We live in a strange world. What would happen if tomorrow a common sedative was found to cause 21,000 cancer deaths every year? What if it resulted in breast cancer, mouth cancer, hepatoma and esophageal malignancies, and if the average patient lost 19 years of life? What if the drug also killed by cirrhosis, massive upper GI bleeding, accelerated dementia, and for good measure slaughtered thousands innocent children in car accidents. Do you think this caustic concoction would last in the pharmacies for a month…a week…. a moment? Of course not. Let us raise a drink to that.
One month ago, we believed that in the United States only 2 percent of breast cancer is caused by alcohol, and that the highest risk is in Italy at 11 percent. Now Dr. David Nelson, of the National Cancer Institute, has published data showing that more than 15 percent of breast cancer in America is from alcohol. Equally horrifying is that alcohol consumption results in an estimated 18,200 to 21,300 yearly cancer deaths. This includes not only breast cancer (60 percent), but also upper airway and esophageal cancer, especially in men.
No big deal you say, you don’t drink much? The NCI research found, as have multiple prior studies, that there is no safe minimum. While it is true that the more alcohol you drink the more likely you are to die of tumor growth, most of the cancer in this study occurred in people that drink less than one and half drinks a day. This is made worse by smoking, obesity, estrogen, limited exercise or inherited genetics, but cannot be completely avoided no matter how little one imbibes.
Now the good news. While we know alcohol also causes mouth, throat, and liver cancer, it has not been proven to increase colon or pancreatic neoplasm rates. In addition, we know from the Iowa Women’s Health Study that drinking women, who take more than 300mcg of folic acid daily, are less likely to get breast cancer. Kind of a hangover-anti-cancer-morning-after pill; pretty pale comfort.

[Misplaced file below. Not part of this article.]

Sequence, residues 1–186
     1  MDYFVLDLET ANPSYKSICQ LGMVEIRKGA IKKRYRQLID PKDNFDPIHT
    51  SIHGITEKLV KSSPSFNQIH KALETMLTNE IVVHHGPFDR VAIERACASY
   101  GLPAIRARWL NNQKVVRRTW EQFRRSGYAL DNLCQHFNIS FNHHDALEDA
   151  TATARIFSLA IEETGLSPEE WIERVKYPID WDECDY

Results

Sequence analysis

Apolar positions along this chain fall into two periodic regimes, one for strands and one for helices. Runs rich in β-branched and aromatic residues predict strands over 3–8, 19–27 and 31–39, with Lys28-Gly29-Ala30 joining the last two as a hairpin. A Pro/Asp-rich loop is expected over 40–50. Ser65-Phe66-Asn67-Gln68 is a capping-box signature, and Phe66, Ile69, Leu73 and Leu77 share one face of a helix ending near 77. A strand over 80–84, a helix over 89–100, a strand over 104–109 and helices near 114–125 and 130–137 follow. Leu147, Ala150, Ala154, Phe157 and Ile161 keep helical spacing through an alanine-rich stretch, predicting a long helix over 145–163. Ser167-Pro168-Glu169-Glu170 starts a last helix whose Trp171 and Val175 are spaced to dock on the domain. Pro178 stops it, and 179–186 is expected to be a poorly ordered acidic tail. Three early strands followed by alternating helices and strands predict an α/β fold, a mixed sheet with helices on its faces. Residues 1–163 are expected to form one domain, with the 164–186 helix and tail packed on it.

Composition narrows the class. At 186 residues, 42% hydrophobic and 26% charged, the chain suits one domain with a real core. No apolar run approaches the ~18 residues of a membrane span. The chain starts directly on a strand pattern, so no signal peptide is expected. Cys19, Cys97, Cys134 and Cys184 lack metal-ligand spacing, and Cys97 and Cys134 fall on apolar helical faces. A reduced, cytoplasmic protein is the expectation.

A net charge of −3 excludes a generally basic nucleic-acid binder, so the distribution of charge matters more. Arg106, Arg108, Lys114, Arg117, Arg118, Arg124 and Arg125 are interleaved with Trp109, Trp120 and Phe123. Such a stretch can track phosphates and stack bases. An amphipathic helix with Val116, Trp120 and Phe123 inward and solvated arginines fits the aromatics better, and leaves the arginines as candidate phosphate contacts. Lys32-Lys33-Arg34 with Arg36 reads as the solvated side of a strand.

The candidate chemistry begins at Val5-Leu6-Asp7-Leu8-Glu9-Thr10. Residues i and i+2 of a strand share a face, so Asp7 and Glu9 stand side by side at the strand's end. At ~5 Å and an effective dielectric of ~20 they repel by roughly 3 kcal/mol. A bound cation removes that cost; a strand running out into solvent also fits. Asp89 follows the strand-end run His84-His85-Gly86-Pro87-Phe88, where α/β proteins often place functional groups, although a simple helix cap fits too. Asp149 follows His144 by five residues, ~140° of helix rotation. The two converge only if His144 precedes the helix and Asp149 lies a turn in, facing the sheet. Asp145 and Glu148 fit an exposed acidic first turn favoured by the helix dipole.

There is an ongoing debate about the dangers of alcohol verses its potential benefit. Studies appear to show that modest alcohol intake in older persons decreases atherosclerotic heart disease, diabetes and stroke, while the negative affects seem to be more in younger populations and include not only cancer, but hepatitis, pancreatitis, trauma, domestic violence, fetal alcohol syndrome, osteoporosis and multiple forms of brain damage. Nelson’s added information showing higher cancer risks than we assumed, will likely change the balance of the conversation.
There will never be a randomized trial of alcohol intake, and the science is complex. However, there can be no doubt that alcohol destroys millions of lives and many more than we thought die by cancer. In the end, drinking is a personal decision we make regarding lifestyle, risk and how we treat our bodies, of which we are each given only one. Nonetheless, this disturbing study should reinforce the fact that there is no completely safe dose or form amount of alcohol. Friday night? Perhaps a double club soda and lime. Cheers to your health.
As published in Sunrise Rounds.
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